SIBUSISO KHASA: Back to school, back to pit latrine stink

Every year around this time social media is awash with images of cute bundles of joy in their school uniforms ready for their first day at school or excited children going back to school. It is a proud moment for many parents, but the reality is that some of the children might not return home or return home sick, due to the government's failure to fulfil its obligations.

Sanitation is a basic human right that the government is supposed to respect, promote and protect, but this is not the case in 5,167 schools that do not have proper ablution facilities and still use pit toilets. These pit toilets are not only violating the right to sanitation, but also the rights to health, dignity and threaten the right to life. Children like Lister Magongwa, Michael Komape, Siyamthanda Mtunu and Lumka Mketwa lost their lives while trying to use these facilities.

According to a report released in September 2021 by the South African Human Rights Commission (SAHRC), over a million pupils and teachers are affected by the challenges of poor sanitation in our schools. In the Eastern Cape alone [almost half (44%) of schools use pit toilets]( And Sanitation Report - 28 SeptemberPM.pdf) as their primary ablution facilities. A further 30% of schools in the province use ventilated improved pit latrines. In KwaZulu-Natal, 83% of schools are primarily reliant on pit latrines and ventilated improved pit latrines. Ventilated pit latrines are said to be better than the ordinary pit latrines because they are designed to minimise odour and flies.

The SAHRC report also shows that some schools do not even have sanitation facilities, with nearly 200 of them in the Eastern Cape. However, this is disputed by the Department of Basic Education (DBE), which claims that “there are no schools that reported that they have no toilets” in 2021.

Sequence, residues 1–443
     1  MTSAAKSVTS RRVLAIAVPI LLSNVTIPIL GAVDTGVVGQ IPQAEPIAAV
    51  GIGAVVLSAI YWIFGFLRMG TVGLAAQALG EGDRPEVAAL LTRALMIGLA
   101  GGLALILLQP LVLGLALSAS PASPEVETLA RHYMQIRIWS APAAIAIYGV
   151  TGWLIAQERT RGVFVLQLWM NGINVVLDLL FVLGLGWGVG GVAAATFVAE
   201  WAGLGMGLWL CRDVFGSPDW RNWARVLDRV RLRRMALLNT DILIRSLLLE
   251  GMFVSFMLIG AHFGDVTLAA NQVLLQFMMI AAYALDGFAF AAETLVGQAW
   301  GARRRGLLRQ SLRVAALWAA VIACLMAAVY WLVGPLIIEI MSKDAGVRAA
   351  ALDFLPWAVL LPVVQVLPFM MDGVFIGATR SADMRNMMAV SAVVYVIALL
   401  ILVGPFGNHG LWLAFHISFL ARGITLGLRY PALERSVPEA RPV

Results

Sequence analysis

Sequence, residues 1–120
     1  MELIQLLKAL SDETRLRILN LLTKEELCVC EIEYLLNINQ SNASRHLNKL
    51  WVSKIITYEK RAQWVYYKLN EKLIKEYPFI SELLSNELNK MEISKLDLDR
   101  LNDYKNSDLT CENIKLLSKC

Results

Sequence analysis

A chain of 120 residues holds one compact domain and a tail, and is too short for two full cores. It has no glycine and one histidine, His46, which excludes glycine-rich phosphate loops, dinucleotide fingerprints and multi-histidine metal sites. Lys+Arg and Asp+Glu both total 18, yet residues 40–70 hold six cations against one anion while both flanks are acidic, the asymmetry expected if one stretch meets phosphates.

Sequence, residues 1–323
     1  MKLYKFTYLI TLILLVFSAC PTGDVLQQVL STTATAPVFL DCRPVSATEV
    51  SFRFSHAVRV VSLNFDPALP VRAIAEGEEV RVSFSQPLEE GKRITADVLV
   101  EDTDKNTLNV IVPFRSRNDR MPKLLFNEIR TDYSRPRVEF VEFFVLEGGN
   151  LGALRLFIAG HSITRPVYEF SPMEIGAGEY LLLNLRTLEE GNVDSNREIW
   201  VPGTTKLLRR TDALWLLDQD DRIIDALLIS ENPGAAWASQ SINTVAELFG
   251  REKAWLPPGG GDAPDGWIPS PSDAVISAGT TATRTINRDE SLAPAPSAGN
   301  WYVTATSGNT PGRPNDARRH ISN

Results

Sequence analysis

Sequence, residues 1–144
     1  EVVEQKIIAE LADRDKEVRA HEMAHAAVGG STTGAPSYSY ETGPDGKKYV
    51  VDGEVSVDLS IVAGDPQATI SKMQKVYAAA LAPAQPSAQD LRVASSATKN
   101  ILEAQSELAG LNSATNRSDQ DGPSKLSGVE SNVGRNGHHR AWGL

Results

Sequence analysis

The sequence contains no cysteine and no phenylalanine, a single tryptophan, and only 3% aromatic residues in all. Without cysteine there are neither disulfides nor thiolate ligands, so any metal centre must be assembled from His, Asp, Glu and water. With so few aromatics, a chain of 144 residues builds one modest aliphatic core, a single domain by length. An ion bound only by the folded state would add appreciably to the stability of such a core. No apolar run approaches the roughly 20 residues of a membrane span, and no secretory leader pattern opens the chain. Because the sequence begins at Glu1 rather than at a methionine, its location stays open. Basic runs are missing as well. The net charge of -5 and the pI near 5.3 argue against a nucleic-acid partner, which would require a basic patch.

The DBE has been kicking the can down the road when it comes to eradicating pit latrines and ensuring that all schools have proper and safe sanitation facilities. The department had planned to eradicate pit latrines by March this year, but last year it told the Polokwane High Court that in provinces like Limpopo this can only be achieved by 2031. However, the court agreed with civil society organisations that the department’s plan was unconstitutional. The SAHRC also intends to take the education departments in Mpumalanga, the North West, the Free State, KwaZulu-Natal and the Eastern Cape to court as part of its mission to eradicate pit toilets.

It is disturbing that the DBE has to be dragged to court in order to speed up its plans to eradicate pit latrines. Sanitation is a basic human right enshrined in our Constitution.

During her media briefing on earlier this month, the Minister of Basic Education, Angie Motshekga, mentioned that under the Sanitation Appropriate for Education programme they “have replaced basic pit toilets at… 1,439 schools”. This figure masks the fact that the department did not even meet its own target of supplying 600 schools with “dignified” sanitation for the 2020/21 financial year. The DBE only provided “dignified” sanitation to 298 schools in the previous financial year. The department has blamed this on the impact of the Covid-19 pandemic, saying “more than 300 additional sanitation projects could not be completed due to the impact of the Covid-19 lockdown when all business had come to a standstill”.

There also appears to be inconsistencies in the data provided by the department when it comes to the number of schools with pit latrines in South Africa. As mentioned at the beginning of this article , the department’s 2020/2021 annual report mentions that there are 5,167 schools with pit toilets, but the Minister claims that by “10 January 2022, we remain with 1,423 schools, where basic pit toilets need to be replaced. All of these are scheduled for completion in 2022/23”.

While we do acknowledge the impact of the pandemic, it is no excuse for the government's continued failure to deal with the issue of pit latrines. It has had several opportunities and it has been dragging its feet. The DBE has a history of not properly spending its infrastructure budget, which has led to a delay in infrastructure development.

Every child in this country has a right to go to school and to feel safe while there. With many schools still relying on pit latrines or with no sanitation facilities, this is not a reality for many of them. The lack of these basic services also hampers education.

So while we enjoy seeing those cute images of children on their first day at school or going back to school, it is important that we remain realistic about the issues that face the sector and put pressure on the department to fulfil its obligations so that the children of this country have a fighting chance.

Sibusiso Khasa is a campaigner at Amnesty International South Africa.